Hemp is an important crop across the world, providing food, fibre and medicine. The interest in the multipurpose crop has grown as the global demand for vegetable and protein oils increases and the awareness of hempseed nutritional and nutraceutical properties proliferates throughout the industry and consumer consciousness. Canada has become a global leader in the production of hemp and hemp products, with production steadily on the rise since 2007. Most hemp exports from Canada are heading to the United States with some export to Korea. World demand for hemp production is predicted to double in value by 2020.
Hemp, by regulatory definition, has low levels of the psychoactive tetrahydrocannabinol (less than 0.3% THC content by dry weight). Hemp produces many phytocannabinoids (non-intoxicating) terpenes and phenolic compounds with potential pharmaceutical value. The phytocannabinoids are the compounds of greatest interest, which are defined as plant-derived natural products that either directly interact with cannabinoids or have similar chemistry to them. ECODA and our partners are doing vital research on this exciting and emerging industry.
Agriculture and Agri Food Canada reported the industrial hemp industry to be responsible for $146.5 million in exports in 2016 and demand has continued to rise, particularly in response to the recent regulatory changes in cannabis production, processing and consumption in Canada. Industrial hemp is a new market opportunity for Eastern Canada with economic growth potential being driven most recently by health industry demands as well as popular organic food markets. Cannabidiol (CBD) is the most prevalent phytocannabinoid in industrial hemp and has been documented in trials to possess anti-inflammatory, anti-nausea, anti-arthritic and anti-psychotic properties as well as central nervous system therapeutic effects and some anti-fungal, sedative and anti-bacterial activity.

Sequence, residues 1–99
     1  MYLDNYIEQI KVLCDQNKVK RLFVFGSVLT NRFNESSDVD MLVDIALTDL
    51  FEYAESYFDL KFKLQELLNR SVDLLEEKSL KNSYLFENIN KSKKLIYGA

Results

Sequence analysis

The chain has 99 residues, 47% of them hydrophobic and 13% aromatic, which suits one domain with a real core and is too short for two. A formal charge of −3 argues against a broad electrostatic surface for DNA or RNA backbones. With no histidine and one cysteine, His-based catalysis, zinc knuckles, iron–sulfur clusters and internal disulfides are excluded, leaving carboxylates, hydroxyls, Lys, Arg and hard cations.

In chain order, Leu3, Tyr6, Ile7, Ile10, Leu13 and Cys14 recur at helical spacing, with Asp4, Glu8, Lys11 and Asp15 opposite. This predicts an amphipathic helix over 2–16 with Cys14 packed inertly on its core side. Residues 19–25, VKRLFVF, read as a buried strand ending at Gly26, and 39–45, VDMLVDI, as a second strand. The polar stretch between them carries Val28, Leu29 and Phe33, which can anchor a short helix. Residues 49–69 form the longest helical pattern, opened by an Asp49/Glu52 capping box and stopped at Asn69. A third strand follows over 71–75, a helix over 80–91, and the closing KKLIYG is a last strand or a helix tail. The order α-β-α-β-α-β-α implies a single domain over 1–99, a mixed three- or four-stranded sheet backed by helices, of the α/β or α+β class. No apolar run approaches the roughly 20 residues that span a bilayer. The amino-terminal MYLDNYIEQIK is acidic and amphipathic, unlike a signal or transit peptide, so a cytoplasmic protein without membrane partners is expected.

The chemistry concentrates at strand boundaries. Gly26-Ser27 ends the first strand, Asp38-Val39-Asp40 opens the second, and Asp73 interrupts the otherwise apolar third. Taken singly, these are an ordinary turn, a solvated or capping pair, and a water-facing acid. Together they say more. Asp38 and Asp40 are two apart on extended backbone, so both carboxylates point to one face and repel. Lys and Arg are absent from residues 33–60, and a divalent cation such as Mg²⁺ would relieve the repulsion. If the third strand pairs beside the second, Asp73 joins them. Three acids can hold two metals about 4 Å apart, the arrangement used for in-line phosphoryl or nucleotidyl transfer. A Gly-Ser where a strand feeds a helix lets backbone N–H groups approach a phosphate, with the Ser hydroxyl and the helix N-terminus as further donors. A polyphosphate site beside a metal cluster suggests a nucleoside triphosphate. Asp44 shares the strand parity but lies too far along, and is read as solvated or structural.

Incorporating a novel crop such as hemp into current rotations would help growers mitigate both economic and agronomic risks. The hemp roots will help aerate soils as well as build organic matter. Also, the relatively quick accumulation of hemp biomass can be useful in carbon sequestration.
An important goal in an industrial hemp-breeding program is to keep THC levels low and there is generally an inverse relationship between THC and cannabidiol (CBD). The ECODA hemp research targets yield and quality baseline data for common hemp varieties for Eastern Canada as well as production management recommendations for optimal seed quality for industrial markets. These outcomes will significantly increase the knowledge base for growth and production of industrial hemp in Eastern Canada and contribute to economic returns and influence human health for the region.
Development of this new rotational crop for production in Eastern Canada with a high-value market opportunity will improve the overall sustainability of agriculture in the region. The innovative research will improve the support for minor and emerging commodities, increase efforts in value-added commodities, and provide an opening for new opportunities in export markets and trade.
ECODA’s hemp projects are listed on the Current Research page.